Portland will soon have its own bike-share platform, but it will look very different from other cities’ programs, from the bicycles used to who owns them.
Sometime in late summer, global peer-to-peer rental platform Spinlister will deliver branded bikes to local owners, who will rent them out for a little extra cash.
Portland will be the first city to receive the black and white Vanmoof smart bikes which come with a Bluetooth-activated lock.
“I think Portland chose us,” said Andrew Batey, Spinlister CMO. “I’ve always considered Portland to be No. 1 in North America in bike culture, bike-ability. It’s unreal.”
Initially, half the revenue will go back to Spinlister to pay off the cost of the bike, between $650 and $900, while the other half goes back to the owner. Once the upfront costs are paid, the owner will get to keep 82.5 percent of the money made on the bike rentals, and the other 17.5 percent will go back to Spinlister.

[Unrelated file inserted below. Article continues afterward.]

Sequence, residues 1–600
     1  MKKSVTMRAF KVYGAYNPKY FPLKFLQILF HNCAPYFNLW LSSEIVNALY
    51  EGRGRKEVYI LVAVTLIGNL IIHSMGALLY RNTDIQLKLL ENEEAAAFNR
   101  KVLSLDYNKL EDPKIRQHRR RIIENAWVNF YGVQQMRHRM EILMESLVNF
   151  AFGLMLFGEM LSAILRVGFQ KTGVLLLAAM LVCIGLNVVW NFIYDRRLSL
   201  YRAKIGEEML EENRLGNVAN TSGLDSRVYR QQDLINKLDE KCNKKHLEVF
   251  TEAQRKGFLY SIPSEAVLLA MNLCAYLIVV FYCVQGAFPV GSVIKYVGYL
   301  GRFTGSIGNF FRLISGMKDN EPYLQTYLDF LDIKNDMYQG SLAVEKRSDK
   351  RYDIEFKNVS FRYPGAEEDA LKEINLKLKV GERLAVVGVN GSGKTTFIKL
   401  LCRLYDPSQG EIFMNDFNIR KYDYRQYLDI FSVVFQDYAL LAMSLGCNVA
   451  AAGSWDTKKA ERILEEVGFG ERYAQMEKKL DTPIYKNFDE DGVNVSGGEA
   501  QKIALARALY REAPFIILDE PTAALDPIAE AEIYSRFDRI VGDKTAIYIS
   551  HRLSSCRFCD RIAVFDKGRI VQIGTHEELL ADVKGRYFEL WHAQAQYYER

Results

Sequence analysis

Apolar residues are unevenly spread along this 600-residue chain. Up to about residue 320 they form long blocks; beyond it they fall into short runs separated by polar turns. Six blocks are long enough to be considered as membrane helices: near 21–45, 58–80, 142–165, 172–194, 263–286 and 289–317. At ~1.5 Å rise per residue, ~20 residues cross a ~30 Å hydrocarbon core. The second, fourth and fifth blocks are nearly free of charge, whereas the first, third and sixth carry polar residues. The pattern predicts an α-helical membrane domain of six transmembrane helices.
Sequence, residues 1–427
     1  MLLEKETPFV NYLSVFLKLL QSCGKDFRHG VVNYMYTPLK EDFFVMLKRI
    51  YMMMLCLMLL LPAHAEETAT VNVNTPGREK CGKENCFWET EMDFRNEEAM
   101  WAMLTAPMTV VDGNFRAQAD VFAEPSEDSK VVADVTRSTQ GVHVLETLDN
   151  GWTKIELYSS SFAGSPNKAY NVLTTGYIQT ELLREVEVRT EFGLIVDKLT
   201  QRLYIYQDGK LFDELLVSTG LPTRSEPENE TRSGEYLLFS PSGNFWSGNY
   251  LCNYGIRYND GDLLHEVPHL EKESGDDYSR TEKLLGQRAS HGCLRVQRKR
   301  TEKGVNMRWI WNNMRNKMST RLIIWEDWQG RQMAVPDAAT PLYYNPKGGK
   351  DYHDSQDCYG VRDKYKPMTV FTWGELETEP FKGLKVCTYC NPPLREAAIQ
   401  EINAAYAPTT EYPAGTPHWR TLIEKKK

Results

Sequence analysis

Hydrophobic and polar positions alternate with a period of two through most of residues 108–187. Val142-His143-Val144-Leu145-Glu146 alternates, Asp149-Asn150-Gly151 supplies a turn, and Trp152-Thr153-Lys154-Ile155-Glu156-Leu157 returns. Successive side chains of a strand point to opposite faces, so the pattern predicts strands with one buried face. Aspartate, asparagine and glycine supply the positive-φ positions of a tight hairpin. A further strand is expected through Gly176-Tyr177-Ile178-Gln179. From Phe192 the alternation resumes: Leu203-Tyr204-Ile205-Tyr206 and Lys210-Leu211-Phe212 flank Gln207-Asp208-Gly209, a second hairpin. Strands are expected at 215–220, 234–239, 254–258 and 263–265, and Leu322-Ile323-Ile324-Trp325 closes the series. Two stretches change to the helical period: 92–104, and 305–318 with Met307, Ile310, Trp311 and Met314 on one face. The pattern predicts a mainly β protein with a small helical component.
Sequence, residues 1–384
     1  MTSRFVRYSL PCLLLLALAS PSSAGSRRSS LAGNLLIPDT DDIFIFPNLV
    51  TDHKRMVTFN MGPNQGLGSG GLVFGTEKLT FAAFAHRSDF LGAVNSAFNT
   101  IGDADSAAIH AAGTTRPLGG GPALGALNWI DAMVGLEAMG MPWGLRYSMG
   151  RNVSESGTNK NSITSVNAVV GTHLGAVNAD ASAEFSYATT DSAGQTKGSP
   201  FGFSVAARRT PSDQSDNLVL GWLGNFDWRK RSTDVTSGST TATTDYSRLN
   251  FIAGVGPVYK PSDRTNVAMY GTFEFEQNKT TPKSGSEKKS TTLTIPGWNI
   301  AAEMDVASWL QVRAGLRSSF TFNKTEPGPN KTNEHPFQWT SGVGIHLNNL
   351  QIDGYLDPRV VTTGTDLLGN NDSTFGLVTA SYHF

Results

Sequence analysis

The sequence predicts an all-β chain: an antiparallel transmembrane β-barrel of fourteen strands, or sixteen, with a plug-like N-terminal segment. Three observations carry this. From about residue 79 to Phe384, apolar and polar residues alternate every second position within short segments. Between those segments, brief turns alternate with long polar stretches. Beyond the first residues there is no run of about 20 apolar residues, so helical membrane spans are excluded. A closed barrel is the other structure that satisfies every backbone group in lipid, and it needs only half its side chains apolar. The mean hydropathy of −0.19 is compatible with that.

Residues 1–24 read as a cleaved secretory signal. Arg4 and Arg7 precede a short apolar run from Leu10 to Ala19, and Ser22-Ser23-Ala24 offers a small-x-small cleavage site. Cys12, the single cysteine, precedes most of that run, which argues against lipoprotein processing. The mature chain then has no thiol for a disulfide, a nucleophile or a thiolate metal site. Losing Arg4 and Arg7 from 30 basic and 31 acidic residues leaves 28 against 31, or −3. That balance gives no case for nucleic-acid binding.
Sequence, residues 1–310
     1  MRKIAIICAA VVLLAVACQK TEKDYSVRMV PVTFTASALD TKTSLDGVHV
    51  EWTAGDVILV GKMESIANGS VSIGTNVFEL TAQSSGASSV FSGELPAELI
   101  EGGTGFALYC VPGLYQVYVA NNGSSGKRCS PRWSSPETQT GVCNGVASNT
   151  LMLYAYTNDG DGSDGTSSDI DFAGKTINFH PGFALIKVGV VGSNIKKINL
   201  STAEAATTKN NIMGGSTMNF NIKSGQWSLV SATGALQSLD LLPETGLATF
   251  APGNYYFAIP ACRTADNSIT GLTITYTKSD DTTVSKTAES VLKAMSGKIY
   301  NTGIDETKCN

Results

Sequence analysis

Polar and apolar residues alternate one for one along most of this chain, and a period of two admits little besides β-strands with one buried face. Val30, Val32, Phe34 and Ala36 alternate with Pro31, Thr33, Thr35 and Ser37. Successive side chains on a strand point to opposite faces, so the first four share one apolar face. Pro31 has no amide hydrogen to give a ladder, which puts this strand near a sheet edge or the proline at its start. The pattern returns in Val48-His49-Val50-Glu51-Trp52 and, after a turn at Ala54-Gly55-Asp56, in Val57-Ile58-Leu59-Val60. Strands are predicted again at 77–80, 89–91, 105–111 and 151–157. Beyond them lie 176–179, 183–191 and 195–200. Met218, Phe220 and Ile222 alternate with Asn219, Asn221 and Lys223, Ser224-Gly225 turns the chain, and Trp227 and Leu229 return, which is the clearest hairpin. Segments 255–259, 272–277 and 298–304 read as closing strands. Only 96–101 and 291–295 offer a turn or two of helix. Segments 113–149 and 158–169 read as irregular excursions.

The biggest difference between Spinlister’s model and other cities’ bike-share programs is there is no central hub. Renters can pull up a nearby bike’s location on the Spinlister app, rent the bike and then lock it anywhere else in the city.
Batey said the bikes have been designed as “a bike you want to ride.”
“You would want to buy it in the store,” he said. “The bikes that most cities utilize are low quality, high volume bikes. They’re only for transportation. I think there’s a happy medium.”
Portland is one of the last major Pacific Northwest cities to get its own bike-share program since the end of the Yellow Bike Project in 1997. Seattle started Pronto Cycle Share through Motivate (formerly Portland-based Alta) in October and Idaho’s capitol city is expected to roll out Boise Bike Share later this spring.
Batey said between 20 and 50 Spinlister bikes will roll out in the city as a beta program to ensure that there aren’t any significant problems the company hasn’t already identified during testing. He said the company hopes to plant a few hundred bikes in the city later on.